This article reviews the application of clinical neuropsychology to criminal court proceedings, a complex, underserved, yet growing area of neuropsychological practice. The authors write from the perspective that the audience is primarily neurorehabilitation clinicians with limited experience in criminal matters. Discussions on the theoretical differences between clinical and forensic work, the forensic evaluation process with conceptual model, historical and current perspectives on criminal competencies and responsibility, prediction of dangerousness, and professional and ethical issues often encountered in criminal neuropsychology are provided.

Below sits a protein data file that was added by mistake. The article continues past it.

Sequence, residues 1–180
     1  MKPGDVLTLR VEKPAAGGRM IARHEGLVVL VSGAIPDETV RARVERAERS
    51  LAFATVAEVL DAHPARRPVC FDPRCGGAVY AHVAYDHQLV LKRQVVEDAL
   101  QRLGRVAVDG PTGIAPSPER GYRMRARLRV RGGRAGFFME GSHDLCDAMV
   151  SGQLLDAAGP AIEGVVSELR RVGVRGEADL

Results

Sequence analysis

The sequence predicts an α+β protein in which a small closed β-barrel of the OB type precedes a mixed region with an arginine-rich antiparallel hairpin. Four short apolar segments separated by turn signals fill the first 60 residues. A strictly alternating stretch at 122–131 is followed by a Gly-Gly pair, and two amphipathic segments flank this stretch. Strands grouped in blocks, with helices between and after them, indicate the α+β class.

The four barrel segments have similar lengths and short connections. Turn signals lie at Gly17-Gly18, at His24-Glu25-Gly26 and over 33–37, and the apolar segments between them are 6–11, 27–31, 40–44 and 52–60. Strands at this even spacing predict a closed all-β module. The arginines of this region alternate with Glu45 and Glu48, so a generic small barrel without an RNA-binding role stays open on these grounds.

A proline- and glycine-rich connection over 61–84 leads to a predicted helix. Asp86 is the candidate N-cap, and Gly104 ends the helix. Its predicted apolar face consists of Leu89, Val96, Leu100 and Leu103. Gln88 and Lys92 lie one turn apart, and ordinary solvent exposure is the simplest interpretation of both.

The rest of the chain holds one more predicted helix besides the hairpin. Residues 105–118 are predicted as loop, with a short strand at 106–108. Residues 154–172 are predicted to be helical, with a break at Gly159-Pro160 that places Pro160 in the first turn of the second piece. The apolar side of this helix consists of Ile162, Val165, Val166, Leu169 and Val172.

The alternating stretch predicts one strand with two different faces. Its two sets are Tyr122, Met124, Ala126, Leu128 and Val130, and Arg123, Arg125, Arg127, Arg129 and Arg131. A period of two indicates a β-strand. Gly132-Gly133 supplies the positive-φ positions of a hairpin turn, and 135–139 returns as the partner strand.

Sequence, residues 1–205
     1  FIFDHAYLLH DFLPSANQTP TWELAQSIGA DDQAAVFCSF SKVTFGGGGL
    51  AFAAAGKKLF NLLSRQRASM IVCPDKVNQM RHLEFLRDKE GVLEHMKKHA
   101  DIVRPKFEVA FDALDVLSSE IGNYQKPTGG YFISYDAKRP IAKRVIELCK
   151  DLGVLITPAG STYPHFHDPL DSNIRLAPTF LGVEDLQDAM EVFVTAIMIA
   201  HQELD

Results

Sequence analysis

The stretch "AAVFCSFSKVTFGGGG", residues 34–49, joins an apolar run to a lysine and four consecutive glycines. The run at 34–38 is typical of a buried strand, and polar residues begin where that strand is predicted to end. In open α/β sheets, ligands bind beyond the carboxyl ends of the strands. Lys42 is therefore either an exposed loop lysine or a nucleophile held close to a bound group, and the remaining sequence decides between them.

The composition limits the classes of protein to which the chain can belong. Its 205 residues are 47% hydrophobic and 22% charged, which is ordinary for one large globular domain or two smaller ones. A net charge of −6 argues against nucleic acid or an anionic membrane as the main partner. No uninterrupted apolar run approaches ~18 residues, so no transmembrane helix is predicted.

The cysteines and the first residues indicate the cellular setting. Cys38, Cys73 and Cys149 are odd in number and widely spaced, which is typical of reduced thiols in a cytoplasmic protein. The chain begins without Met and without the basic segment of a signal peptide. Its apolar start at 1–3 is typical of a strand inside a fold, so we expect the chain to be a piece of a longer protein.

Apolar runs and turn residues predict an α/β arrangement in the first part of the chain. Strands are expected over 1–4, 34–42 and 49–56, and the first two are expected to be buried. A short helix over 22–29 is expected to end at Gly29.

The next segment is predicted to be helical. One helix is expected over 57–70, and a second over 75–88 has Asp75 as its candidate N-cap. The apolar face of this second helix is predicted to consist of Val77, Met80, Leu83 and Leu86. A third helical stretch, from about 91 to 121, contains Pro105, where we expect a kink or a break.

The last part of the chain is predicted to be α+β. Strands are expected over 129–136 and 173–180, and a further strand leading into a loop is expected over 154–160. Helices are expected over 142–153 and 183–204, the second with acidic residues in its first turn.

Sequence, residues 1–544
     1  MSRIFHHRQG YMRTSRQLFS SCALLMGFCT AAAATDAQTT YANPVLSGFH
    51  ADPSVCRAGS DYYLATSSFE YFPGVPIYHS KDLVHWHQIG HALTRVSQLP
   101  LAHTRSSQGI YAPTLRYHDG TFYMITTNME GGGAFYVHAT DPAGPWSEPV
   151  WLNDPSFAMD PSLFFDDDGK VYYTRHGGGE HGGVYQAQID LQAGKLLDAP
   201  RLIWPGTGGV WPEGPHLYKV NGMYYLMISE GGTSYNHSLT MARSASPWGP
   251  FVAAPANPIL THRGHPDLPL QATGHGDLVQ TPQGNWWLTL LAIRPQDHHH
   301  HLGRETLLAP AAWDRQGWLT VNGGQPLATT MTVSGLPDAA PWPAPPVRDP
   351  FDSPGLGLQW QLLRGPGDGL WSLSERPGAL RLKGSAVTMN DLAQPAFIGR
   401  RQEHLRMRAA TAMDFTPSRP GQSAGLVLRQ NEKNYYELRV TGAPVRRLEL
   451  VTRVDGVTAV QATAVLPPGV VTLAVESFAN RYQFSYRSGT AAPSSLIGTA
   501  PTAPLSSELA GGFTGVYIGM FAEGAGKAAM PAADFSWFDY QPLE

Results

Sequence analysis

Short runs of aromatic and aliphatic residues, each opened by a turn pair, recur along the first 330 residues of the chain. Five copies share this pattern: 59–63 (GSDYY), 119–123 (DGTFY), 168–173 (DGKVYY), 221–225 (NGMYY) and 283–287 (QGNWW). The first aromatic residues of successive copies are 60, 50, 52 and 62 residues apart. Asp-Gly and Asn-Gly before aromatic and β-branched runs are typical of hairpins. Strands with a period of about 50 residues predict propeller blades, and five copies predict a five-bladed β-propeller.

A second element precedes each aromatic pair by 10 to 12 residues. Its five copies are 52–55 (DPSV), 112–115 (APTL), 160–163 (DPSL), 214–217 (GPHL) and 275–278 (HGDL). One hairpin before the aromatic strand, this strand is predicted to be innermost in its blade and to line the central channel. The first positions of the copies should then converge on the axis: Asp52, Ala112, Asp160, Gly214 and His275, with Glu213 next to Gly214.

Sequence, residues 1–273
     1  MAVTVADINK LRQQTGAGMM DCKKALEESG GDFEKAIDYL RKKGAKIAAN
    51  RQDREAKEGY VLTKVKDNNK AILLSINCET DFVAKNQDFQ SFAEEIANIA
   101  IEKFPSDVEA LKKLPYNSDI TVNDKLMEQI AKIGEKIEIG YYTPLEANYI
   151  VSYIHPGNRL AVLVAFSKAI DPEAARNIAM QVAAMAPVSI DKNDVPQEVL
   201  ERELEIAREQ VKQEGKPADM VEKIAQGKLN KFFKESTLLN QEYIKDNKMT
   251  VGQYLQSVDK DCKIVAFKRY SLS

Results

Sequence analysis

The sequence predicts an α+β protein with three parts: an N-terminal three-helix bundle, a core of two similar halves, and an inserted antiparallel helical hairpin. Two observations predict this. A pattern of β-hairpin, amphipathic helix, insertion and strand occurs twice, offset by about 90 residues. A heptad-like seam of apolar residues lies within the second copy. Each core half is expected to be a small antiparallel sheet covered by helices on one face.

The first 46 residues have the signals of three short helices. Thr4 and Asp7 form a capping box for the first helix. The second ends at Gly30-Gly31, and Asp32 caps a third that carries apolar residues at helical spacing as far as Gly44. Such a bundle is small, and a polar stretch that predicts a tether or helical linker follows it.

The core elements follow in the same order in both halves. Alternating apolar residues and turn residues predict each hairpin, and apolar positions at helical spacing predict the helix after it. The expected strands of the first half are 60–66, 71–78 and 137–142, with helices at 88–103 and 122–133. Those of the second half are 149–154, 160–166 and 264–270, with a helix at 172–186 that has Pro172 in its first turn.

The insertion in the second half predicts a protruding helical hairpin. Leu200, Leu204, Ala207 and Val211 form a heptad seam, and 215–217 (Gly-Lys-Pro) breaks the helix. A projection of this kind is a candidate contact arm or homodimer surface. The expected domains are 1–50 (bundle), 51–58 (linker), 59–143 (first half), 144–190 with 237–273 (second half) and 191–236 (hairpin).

Forensic Neuropsychologist, US Medical Center for Federal Prisoners, Adjunct Faculty, Forest Institute of Professional Psychology, Springfield, Missouri (Denney)
Consulting Neuropsychologist, Court Diagnostic and Treatment Center, Clinical Affiliate Faculty, Bowling Green State University, Toledo, Ohio (Wynkoop)
Opinions expressed in this article are those of the authors and do not necessarily represent the opinions of the Federal Bureau of Prisons or Department of Justice.
Address correspondence to Robert L. Denney, PsyD, ABPP, US Medical Center for Federal Prisoners, 1900 W. Sunshine, Springfield, MO 65807, email email@example.com.